Kushner Cos. Austin Nichols House Renovation is Scrutinized by Residents
Kushner Cos. has been accused by more than a dozen tenants and former tenants of 184 Kent Ave. in the Williamsburg area of New York of not adhering to construction laws regarding lead paint, among other concerns. The digitally filed complaint asks the court to require Kushner Cos. to fork over at least $10 million to each of them for converting the Austin Nichols House into luxury condos without taking proper safety measures.
Kushner Cos., which is run by President Donald Trump’s son-in-law Jared Kushner, purchased the Austin Nichols House in 2015 and began renovations on the majority of the complex, which includes 338 apartments in total. Only three years after the investment, approximately 75 percent of the rent-stabilized units were left emptied or sold to new owners for more than $155 million.
“Kushner Cos. had a huge incentive to push tenants out of their apartments,” said Aaron Carr, executive director of the Housing Rights Initiative group. The Law Offices of Jack Lester is representing the residents, who allege workers tasked with converting the site did not have proper permits.
Residents further allege they frequently noticed dust in their kitchens and in other areas of their homes as soon as construction began and existing walls were removed. They also experienced periodic flooding and encountered exposed electrical wiring, a gas leak, and frequently sounding alarms, among other hazards. They informed their landlord of the circumstances in which they were living in 2015, but nothing was done to remedy the situation.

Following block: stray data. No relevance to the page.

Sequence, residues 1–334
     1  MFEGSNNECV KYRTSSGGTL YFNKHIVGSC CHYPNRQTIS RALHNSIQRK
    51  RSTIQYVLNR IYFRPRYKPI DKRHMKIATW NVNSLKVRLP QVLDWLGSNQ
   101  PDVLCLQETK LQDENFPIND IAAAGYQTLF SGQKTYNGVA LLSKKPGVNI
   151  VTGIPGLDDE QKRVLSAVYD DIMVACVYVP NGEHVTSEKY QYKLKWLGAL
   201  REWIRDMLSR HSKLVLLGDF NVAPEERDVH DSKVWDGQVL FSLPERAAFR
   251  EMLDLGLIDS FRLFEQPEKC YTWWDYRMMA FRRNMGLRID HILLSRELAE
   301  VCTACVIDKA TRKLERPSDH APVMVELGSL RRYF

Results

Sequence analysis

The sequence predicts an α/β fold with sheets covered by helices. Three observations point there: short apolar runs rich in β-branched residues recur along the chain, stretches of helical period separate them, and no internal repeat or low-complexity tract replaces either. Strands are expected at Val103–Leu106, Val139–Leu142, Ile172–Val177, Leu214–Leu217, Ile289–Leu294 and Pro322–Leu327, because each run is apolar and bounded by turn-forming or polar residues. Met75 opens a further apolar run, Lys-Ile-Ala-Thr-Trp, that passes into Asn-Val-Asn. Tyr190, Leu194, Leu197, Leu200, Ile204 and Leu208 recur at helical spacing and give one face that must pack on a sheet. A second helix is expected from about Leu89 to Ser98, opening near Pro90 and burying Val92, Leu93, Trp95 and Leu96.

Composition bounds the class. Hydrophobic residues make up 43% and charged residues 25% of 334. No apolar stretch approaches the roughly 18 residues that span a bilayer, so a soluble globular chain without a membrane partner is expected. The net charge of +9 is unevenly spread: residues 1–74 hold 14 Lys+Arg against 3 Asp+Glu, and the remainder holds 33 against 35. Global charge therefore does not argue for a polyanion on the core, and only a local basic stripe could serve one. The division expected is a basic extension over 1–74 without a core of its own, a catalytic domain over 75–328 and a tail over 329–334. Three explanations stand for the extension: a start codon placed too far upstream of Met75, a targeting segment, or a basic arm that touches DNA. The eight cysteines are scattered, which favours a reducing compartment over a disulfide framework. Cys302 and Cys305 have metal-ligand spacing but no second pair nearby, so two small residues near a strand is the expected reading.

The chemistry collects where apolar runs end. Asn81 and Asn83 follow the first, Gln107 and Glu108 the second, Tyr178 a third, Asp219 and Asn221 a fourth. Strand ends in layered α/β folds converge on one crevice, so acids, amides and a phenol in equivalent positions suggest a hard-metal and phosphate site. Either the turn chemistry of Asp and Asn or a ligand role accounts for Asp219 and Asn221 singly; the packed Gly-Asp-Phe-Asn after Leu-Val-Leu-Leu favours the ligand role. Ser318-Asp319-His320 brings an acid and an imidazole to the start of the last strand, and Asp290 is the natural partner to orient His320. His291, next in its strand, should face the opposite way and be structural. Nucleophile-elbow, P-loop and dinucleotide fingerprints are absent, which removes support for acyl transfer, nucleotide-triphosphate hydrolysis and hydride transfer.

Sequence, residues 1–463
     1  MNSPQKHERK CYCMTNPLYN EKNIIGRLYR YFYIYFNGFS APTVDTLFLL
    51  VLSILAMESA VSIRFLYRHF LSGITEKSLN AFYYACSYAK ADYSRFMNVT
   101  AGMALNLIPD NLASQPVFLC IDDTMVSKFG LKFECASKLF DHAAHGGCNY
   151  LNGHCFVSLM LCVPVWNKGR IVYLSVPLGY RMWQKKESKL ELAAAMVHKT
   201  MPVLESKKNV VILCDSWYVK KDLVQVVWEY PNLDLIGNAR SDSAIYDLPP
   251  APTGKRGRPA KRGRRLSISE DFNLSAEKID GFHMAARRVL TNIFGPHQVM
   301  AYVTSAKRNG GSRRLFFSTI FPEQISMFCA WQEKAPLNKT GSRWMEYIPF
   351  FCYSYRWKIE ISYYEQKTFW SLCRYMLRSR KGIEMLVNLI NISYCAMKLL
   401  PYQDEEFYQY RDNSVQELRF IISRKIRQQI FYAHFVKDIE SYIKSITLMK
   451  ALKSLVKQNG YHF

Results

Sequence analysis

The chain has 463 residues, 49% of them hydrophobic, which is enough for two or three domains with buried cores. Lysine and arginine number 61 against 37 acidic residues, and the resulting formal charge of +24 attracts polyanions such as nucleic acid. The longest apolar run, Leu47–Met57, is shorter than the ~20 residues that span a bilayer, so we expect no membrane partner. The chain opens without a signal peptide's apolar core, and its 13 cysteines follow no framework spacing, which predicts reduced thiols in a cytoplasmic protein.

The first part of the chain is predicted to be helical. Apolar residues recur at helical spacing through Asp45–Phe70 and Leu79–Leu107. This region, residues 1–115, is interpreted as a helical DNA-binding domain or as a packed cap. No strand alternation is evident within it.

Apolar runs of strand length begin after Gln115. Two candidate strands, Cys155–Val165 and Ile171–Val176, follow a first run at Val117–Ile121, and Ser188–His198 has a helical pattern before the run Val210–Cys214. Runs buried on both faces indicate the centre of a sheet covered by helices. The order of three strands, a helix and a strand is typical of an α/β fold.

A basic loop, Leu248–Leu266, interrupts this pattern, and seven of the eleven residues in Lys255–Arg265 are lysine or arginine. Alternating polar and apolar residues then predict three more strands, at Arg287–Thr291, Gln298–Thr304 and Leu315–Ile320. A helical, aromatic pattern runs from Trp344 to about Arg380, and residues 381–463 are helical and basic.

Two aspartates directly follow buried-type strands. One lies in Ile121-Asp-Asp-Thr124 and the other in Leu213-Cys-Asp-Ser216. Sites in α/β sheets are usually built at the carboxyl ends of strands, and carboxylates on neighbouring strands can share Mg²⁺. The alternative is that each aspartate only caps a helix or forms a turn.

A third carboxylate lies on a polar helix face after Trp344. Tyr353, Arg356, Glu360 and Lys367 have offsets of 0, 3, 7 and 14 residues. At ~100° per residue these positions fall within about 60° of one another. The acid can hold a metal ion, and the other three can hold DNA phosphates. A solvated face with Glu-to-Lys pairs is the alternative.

In 2018, the plaintiffs solicited the help of an industrial hygienist firm that noted dust throughout the apartments and common grounds which contained dangerous levels of lead and crystalline silica. These elements have been long linked to cancer. “As a result of the lack of enforcement, children were exposed to cancer-causing materials,” Carr said.
Digging into the matter further, the residents discovered The Austin Nichols House’s owners falsely listed the site as not being occupied when applying for permits with the city’s Department of Buildings. The Department verified it was examining Kushner Cos. properties after the Housing Rights Initiative announced in March of this year it had reason to believe the company inaccurately noted no one was living in its buildings. However, the Department stated its staff has inspected 184 Kent Ave. on dozens of occasions since construction began and found no evidence that city construction regulations had been violated.
“Somehow, despite their open investigation, it appears they continue to miss egregious and obvious violations that are clear as night and day,” Carr said. “Hopefully the Department of Buildings will conduct a more comprehensive investigation going forward.”
“The residents of Austin Nichols House were fully informed about the planned renovation and all work was completed under the full supervision by the New York City Department of Buildings and other regulatory agencies, with full permits and with no violations for these claims,” Kushner Cos. responded in a statement, adding that any complaints made during the construction, which was officially completed in 2017, “were evaluated and addressed promptly by the property management team.”
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